Friday, 18 July 2008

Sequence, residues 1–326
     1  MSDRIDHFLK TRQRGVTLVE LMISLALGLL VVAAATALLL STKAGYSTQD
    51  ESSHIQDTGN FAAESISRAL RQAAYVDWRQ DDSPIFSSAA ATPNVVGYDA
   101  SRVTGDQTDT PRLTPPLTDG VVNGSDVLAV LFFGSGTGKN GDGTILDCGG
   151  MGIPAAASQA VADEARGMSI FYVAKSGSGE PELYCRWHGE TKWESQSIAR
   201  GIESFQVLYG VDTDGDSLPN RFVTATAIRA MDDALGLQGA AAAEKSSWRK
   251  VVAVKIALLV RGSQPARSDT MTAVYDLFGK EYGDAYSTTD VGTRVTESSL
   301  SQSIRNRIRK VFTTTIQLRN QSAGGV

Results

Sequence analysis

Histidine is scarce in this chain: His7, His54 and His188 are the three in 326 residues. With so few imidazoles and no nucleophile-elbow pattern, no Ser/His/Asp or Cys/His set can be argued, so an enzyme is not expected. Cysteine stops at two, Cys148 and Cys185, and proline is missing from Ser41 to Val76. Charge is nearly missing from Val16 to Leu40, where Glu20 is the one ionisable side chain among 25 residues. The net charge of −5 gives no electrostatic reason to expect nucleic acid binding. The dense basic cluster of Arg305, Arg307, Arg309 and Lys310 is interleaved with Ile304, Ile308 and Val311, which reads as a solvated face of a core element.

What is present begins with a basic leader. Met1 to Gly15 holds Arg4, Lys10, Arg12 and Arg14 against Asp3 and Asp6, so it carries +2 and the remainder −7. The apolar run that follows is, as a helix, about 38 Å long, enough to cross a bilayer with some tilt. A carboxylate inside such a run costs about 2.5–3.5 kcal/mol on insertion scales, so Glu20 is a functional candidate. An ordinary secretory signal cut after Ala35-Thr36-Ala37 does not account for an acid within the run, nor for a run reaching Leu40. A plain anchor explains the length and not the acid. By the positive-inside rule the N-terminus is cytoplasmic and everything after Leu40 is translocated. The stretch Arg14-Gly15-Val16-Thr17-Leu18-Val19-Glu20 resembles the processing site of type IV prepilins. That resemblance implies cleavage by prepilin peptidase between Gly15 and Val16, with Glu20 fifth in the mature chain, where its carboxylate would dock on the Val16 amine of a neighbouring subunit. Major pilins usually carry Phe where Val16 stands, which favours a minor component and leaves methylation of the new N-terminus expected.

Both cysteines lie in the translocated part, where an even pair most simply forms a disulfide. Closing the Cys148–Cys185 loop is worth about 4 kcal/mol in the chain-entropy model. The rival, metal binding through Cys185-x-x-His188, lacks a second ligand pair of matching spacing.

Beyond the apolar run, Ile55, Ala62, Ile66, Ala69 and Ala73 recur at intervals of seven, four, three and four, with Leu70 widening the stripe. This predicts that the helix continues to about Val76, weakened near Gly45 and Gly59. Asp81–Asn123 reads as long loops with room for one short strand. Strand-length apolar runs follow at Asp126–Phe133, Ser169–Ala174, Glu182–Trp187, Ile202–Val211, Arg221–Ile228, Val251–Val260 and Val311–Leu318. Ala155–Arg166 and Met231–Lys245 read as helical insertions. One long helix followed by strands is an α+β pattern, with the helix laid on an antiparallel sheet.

Fred Schepisi is a good Australian director who seems to turn up on unexpected projects (FIERCE CREATURES etc) but I remember him best for the grim Australian feature THE CHANT OF JIMMY BLACKSMITH and this wonderful Western, BARBAROSA, which has sadly been neglected and mistreated. I don't think it got a cinema release over in England and I first caught it on television. Being a big Willie Nelson fan I recorded it on VHS and over the next few years wore the tape out watching it. Now I have it on DVD but am disappointed to find that except for the main titles it is presented in full screen - which most certainly does the film a grave disservice. BARBAROSA tells the story of a German farm boy(Gary Busey) who is on the run after having accidentally killed his brother-in-law and who is now pursued by his inlaws. He teams up with Barbarosa (Willie Nelson) who becomes his mentor for living the outlaw life and surviving of the land. Barbarosa is pursued by his own inlaws - the family of his wife - who have vowed to kill him after an incident at his wedding (we hear two versions of what happened but the film never really tells us which is the true version). His father-in-law (a wonderfully hate filled performance by Gilbert Roland) tells the huddled children of his Hacienda horror stories of Barbarosa's supposed misdeeds ("...and his beard was dripping red with fresh blood") and selects an endless stream of young men from his clan to ride out to kill the outlaw. "Will you know him?" asks Roland of his latest selection. "I will know him from the songs we sing!" answers the young man, elevating Barbarosa to mythic status. The building of the Barbarosa legend is central to the film and points inexorably to the film's climax. At one point Barbarosa crawls out of his grave to take revenge on the Mexican bandit who thinks he has killed him and symbolically the outlaw does become almost a supernatural figure to the Mexican who both sing songs about him and seek his death and it is significant that the most effective weapon used against him is a knife concealed in a crucifix (similar to the one used to dispatch the "vampiric" outlaw in THE WRATH OF GOD). Barbarosa cannot die and through his apprentice he gains immortality. A great performance by Willie Nelson as the outlaw who kills his pursuers before kissing their corpses and won't have a word said against them : "They're good people, the Zavalas". Gary Busey is always an interesting and unpredictable actor and here he is in more restrained mode than usual. Roland is terrific in what must have been one of his last performances and Isela Vega is perfect as Barbarosa's long suffering wife. Perhaps one day this excellent Western will get a DVD release that is worthy of it. It would be great to have a commentary by writer Bill Witliff and director Schepisi. Rating ***

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